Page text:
There are disagreements among NATO allies over Ukraine’s rapid accession to the Alliance due to the position of the United States and Germany, Euractiv reported, citing unnamed NATO diplomats.
NATO members have not yet agreed on whether Ukraine should be allowed to join NATO after completing the reforms outlined in the updated Annual National Program, which are the conditions for Ukraine to join the Alliance. The completion of the reforms may be used as a tool to bring Ukraine closer to the Alliance but may not lead to Ukraine’s accession to NATO, Euractiv reported, citing unnamed NATO diplomats.
Two NATO diplomats told Euractiv that Germany and the US insist the process be condition-driven, not political. Such an approach means that the program will drive reforms, and when the conditions listed are met, Ukraine’s membership can be discussed.
On 29 November 2023, NATO and Ukraine are expected to sign a list of reforms necessary for Ukraine’s future accession to NATO. According to Euractiv, this move is meant to give Ukraine an impetus to reform its armed forces and security-related sectors and provide a checklist NATO members can track. The document will not be public.
“We will agree on recommendations for Ukraine’s priority reforms as we continue to support Kyiv on its path to NATO membership. Allies agree that Ukraine will become a member of NATO,” NATO Secretary-General Jens Stoltenberg told reporters ahead of the meeting on 27 November.
The reform program does not contain a list of conditions for Ukraine’s accession to NATO. Still, it is a “roadmap” or “tool” to track Ukraine’s progress on its way to NATO membership and inform the leaders of the Alliance, Euractiv reported, citing unnamed NATO diplomats.
When the conditions for reforms that NATO will agree with Ukraine are met, membership can be discussed, unnamed NATO diplomats told Euractiv. On the other hand, there is also a risk that reforms will never be sufficient, making it harder to give the green light for Ukraine’s accession.
“Ultimately, this (Ukraine’s accession to NATO – ed.) remains a political decision,” an unnamed NATO diplomat told Euractiv, citing delays with Türkiye and Hungary in ratifying Sweden’s NATO membership application as a factor that could also block Ukraine’s rapid accession in the future.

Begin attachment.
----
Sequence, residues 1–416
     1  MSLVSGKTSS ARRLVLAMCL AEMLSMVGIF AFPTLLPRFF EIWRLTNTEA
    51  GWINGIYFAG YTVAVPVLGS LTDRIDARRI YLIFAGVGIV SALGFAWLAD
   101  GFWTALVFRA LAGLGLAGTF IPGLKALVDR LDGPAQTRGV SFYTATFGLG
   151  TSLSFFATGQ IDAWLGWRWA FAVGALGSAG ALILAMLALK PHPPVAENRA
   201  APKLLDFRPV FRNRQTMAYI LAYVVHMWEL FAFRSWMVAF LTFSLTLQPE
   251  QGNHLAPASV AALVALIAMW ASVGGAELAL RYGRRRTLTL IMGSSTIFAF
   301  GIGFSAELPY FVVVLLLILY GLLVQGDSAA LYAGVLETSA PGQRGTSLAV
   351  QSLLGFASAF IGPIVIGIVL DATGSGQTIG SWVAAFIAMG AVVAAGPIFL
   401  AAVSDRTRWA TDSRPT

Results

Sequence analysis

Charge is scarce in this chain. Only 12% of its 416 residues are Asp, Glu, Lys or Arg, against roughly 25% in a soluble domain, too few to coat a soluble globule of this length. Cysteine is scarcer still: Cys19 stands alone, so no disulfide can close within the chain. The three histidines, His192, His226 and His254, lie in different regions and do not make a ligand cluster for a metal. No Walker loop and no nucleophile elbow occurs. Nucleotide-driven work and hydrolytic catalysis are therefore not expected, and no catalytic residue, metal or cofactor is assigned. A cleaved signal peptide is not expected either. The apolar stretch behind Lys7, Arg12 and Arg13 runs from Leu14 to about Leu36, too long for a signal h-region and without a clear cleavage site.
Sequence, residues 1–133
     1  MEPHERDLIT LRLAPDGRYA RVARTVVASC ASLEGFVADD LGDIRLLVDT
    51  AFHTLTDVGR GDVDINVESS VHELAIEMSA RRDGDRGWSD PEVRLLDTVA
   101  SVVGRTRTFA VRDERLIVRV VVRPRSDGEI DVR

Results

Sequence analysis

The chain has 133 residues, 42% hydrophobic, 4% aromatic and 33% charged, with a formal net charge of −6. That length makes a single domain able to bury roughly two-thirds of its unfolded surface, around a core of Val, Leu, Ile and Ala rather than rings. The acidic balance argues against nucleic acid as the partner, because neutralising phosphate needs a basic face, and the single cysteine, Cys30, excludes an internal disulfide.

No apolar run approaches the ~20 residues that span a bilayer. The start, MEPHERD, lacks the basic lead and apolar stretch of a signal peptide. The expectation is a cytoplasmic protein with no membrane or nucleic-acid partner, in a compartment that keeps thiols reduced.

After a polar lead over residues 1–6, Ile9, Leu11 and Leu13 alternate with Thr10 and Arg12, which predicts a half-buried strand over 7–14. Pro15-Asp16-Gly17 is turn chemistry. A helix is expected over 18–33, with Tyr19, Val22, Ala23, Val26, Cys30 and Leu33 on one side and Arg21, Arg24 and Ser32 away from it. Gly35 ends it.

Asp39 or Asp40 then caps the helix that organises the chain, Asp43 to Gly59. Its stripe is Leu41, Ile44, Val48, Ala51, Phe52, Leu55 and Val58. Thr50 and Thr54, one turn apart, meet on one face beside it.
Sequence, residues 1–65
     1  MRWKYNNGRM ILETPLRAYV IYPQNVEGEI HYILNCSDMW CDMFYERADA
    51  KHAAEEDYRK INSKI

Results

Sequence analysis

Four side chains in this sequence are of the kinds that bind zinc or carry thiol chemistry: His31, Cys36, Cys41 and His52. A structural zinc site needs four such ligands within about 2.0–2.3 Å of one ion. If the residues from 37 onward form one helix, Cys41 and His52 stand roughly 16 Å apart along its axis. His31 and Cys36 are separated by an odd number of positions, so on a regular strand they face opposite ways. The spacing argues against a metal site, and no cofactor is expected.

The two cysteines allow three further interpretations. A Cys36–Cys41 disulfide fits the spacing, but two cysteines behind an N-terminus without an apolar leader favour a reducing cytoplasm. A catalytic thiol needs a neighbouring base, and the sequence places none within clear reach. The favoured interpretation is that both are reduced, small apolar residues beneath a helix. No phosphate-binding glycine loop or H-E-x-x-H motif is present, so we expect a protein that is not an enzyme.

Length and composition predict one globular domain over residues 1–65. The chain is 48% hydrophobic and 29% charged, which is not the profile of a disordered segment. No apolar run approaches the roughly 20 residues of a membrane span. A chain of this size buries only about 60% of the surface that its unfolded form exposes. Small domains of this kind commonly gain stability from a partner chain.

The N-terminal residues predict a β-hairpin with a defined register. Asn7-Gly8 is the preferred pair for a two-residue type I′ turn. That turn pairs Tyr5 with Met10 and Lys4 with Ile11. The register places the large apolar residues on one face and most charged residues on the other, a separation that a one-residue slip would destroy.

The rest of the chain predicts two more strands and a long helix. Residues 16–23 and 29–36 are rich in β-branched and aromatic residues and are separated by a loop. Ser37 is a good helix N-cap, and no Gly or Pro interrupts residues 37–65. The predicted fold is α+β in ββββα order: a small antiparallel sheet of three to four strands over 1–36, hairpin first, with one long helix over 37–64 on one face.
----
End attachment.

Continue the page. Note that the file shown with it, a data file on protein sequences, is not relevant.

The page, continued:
Another NATO diplomat told Euractiv that “even if the war ended tomorrow” and Ukraine fulfilled all the conditions listed in the reform plan, NATO members would still have to approve Ukraine’s invitation, which could be complicated.
Four NATO diplomats told Euractiv that implementing the Annual Program of Conditions is less stringent than the Membership Action Plan that candidates for membership in the Alliance had to follow in the past.
Compared to previous reform plans, Ukraine’s Annual Action Plan is much shorter and less detailed (10 pages instead of 300 pages). This plan contains a list of priority areas rather than a checklist, which made it very difficult for Ukraine to demonstrate its progress, according to Euractiv. It will, therefore, be more manageable for Ukraine to show its achievements before next summer’s NATO summit in Washington in 2024.
The reforms that Ukraine needs to complete are ensuring civilian control over the armed forces, developing a national defense and security strategy, working on interoperability of the armed forces with NATO forces, and anti-corruption reforms (changes in the judicial system, introduction of asset declarations for politically exposed persons, etc.).
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